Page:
Background Community health workers (CHWs) are increasingly recognized as a critical link in improving access to services and achieving the health-related Millennium Development Goals. Given the financial and human resources constraints in developing countries, CHWs are expected to do more without necessarily receiving the needed support to do their jobs well. How much can be expected of CHWs before work overload and reduced organizational support negatively affect their productivity, the quality of services, and in turn the effectiveness of the community-based programmes that rely on them? This article presents policy-makers and programme managers with key considerations for a model to improve the work environment as an important approach to increase CHW productivity and, ultimately, the effectiveness of community-based strategies. Methods A desk review of selective published and unpublished articles and reports on CHW programs in developing countries was conducted to analyse and organize findings on the elements that influence CHW productivity. The search was not exhaustive but rather was meant to gather information on general themes that run through the various documents to generate perspectives on the issue and provide evidence on which to formulate ideas. After an initial search for key terminology related to CHW productivity, a snowball technique was used where a reference in one article led to the discovery of additional documents and reports. Results CHW productivity is determined in large part by the conditions under which they work. Attention to the provision of an enabling work environment for CHWs is essential for achieving high levels of productivity. We present a model in which the work environment encompasses four essential elements—workload, supportive supervision, supplies and equipment, and respect from the community and the health system—that affect the productivity of CHWs. We propose that when CHWs have a manageable workload in terms of a realistic number of tasks and clients, an organized manner of carrying out these tasks, a reasonable geographic distance to cover, the needed supplies and equipment, a supportive supervisor, and respect and acceptance from the community and the health system, they can function more productively and contribute to an effective community-based strategy. Conclusions As more countries look to scale up CHW programmes or shift additional tasks to CHWs, it is critical to pay attention to the elements that affect CHW productivity during programme design as well as implementation. An enabling work environment is crucial to maximize CHW productivity. Policy-makers, programme managers, and other stakeholders need to carefully consider how the productivity elements related to the work environment are defined and incorporated in the overall CHW strategy. Establishing a balance among the four elements that constitute a CHW’s work environment will help make great strides in improving the effectiveness and quality of the services provided by CHWs. PMID:23017131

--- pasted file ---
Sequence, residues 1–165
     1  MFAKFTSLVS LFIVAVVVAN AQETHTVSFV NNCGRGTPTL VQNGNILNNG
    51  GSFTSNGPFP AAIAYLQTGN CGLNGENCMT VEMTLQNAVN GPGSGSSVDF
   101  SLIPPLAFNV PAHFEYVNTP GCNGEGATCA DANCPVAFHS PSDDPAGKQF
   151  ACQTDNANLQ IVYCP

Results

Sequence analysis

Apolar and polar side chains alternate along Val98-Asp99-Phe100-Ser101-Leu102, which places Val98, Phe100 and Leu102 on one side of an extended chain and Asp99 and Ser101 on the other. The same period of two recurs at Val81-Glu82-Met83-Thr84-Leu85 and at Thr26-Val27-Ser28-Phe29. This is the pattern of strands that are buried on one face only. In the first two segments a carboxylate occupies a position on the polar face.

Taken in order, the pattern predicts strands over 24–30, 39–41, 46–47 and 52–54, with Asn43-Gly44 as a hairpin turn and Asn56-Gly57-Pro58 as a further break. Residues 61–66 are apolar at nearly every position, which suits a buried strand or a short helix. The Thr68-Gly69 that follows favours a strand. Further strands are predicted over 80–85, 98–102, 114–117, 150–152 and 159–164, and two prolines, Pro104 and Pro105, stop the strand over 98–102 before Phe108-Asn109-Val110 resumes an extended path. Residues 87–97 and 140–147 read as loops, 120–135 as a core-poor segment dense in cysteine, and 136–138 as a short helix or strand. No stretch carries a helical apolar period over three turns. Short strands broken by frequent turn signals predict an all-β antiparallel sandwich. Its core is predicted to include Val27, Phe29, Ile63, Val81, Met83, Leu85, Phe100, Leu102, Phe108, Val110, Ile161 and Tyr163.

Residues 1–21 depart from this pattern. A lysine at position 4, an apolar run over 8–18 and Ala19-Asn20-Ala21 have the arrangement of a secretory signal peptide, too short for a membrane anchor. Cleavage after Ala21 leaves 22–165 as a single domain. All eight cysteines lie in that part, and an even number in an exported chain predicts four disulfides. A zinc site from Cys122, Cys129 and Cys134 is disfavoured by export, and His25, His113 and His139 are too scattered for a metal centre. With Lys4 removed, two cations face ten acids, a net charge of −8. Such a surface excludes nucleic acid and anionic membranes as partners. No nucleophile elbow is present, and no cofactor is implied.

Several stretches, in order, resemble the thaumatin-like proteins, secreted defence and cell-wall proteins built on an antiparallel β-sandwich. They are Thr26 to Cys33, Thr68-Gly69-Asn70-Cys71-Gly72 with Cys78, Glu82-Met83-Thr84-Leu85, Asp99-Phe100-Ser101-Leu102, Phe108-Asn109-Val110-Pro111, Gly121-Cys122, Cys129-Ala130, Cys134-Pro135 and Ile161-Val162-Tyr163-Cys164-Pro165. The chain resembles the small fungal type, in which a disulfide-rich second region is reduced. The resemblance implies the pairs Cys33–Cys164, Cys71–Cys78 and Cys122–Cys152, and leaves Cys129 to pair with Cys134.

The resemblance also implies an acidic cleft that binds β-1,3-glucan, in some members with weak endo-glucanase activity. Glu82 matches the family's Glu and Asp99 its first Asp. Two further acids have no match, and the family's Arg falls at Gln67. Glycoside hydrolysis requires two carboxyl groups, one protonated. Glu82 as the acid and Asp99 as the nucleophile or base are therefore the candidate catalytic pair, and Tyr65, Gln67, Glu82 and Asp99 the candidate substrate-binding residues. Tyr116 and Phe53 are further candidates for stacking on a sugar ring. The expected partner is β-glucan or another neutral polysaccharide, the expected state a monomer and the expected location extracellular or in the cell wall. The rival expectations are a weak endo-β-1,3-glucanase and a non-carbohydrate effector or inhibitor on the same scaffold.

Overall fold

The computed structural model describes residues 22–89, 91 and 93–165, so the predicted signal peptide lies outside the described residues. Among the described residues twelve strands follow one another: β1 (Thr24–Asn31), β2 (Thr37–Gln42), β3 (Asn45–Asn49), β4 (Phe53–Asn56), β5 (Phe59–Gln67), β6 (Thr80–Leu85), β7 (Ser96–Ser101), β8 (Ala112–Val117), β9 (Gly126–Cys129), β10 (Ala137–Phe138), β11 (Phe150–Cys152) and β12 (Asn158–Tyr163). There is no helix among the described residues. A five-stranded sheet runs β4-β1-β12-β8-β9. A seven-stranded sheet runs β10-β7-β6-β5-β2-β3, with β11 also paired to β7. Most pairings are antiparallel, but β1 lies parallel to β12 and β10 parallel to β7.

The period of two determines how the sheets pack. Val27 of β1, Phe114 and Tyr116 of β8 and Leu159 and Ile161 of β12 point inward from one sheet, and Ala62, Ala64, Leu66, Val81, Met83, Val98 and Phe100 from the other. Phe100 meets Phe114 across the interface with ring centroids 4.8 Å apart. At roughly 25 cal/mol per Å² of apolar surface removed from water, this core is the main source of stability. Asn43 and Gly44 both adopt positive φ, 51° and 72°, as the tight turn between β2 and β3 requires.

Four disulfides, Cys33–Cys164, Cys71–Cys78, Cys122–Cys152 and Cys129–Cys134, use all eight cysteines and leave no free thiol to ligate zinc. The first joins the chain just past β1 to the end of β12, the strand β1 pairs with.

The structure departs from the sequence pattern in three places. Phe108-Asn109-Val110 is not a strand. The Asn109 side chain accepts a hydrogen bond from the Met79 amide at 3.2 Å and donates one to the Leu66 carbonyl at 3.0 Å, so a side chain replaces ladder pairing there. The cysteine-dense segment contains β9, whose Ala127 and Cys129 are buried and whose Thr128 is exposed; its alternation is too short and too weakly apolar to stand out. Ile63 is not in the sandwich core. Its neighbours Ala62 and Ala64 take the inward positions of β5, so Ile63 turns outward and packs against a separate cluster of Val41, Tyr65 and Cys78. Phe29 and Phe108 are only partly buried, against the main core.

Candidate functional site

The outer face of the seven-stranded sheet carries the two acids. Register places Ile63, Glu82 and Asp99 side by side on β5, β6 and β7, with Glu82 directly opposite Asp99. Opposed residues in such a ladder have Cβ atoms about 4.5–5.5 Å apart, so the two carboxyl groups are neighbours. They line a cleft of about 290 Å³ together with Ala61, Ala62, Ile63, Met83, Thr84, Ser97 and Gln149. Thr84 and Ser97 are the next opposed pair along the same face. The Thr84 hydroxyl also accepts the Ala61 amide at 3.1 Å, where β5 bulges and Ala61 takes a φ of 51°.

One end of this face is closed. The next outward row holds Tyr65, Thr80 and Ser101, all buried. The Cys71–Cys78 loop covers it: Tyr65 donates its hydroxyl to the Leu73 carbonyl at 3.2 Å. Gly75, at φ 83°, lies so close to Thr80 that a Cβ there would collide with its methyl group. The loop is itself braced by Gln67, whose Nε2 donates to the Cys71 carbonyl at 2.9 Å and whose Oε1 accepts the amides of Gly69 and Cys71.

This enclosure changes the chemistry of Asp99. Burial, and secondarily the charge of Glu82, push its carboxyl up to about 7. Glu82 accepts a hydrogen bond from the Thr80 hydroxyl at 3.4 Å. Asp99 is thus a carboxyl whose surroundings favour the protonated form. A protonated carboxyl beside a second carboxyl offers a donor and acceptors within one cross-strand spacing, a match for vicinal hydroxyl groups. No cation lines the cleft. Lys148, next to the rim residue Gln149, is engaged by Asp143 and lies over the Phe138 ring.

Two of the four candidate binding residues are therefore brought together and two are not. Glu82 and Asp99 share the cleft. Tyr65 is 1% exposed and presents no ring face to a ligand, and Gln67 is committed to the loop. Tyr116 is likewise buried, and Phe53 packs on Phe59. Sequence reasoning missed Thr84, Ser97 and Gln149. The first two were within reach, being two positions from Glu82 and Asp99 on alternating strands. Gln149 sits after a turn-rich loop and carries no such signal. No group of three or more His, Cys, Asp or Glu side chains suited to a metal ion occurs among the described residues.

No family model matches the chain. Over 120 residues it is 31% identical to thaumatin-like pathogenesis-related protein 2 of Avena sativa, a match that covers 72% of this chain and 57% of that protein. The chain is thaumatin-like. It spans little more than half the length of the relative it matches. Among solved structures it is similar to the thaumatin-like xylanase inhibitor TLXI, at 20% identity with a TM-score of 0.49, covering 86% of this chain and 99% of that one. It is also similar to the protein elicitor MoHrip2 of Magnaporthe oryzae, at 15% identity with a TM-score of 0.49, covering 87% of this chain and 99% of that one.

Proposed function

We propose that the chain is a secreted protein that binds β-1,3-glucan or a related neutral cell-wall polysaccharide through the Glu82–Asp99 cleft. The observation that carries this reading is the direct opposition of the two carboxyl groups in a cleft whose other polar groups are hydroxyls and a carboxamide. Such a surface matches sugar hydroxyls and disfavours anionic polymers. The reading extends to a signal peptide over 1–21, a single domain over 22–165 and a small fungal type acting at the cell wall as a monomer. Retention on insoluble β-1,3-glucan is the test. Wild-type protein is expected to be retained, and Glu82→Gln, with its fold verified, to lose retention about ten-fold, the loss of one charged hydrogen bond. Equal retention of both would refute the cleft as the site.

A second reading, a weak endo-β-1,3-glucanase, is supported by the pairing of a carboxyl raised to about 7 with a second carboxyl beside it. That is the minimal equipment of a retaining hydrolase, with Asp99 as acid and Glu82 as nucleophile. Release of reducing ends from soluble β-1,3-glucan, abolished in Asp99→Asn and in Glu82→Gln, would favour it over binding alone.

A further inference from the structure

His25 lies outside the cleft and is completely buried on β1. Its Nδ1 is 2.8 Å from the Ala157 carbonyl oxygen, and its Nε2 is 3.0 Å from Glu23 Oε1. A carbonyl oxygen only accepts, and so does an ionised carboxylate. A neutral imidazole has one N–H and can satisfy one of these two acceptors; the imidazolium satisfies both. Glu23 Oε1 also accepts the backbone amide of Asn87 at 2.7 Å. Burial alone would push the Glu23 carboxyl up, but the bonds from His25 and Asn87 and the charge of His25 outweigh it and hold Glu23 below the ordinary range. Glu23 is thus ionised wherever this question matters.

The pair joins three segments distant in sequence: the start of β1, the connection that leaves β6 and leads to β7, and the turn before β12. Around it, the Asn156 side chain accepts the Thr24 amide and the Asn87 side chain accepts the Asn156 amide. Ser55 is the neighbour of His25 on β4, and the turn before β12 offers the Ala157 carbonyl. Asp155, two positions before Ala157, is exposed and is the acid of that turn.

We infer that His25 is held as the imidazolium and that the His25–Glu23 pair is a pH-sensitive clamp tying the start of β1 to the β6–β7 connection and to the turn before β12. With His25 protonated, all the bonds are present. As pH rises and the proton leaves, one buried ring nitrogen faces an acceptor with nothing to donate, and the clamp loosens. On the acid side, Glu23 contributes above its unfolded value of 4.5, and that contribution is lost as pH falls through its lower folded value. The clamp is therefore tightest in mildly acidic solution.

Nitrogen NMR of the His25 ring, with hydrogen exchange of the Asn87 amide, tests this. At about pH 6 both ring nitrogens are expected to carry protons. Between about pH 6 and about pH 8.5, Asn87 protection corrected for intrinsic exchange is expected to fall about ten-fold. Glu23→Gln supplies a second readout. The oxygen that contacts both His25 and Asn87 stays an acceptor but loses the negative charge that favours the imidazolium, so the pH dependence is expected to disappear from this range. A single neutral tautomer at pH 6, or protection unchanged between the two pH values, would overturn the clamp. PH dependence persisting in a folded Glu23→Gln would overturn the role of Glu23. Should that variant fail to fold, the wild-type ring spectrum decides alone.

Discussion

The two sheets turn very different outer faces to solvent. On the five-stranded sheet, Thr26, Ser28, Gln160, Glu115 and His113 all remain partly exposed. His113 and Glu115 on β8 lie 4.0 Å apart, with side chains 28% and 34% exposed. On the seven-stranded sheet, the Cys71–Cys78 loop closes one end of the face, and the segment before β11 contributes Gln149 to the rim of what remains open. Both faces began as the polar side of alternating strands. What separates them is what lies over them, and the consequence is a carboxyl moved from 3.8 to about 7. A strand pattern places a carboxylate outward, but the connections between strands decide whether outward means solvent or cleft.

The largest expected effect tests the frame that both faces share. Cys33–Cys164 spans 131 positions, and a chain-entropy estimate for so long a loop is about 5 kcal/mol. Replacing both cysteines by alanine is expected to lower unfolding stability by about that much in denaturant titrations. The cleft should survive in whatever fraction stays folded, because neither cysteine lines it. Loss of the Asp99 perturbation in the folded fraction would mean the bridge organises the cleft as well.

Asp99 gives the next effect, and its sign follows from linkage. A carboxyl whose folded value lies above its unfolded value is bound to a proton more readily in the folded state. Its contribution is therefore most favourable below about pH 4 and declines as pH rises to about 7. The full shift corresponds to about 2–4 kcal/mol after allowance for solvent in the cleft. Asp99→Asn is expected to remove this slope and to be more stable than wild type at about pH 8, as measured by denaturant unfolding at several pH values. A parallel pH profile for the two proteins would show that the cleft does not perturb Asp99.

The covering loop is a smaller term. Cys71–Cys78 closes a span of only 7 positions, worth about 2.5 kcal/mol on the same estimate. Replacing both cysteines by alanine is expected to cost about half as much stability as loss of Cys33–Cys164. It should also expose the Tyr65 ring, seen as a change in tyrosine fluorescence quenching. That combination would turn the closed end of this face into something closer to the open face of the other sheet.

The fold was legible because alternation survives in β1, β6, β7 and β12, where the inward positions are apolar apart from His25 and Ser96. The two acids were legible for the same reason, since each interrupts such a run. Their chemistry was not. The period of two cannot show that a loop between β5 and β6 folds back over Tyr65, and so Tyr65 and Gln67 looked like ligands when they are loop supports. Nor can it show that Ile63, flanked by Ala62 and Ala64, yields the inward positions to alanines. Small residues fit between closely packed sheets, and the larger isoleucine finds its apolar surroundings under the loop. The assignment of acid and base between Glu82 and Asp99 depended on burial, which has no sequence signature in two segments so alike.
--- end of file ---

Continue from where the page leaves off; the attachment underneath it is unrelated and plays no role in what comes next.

2012-01-01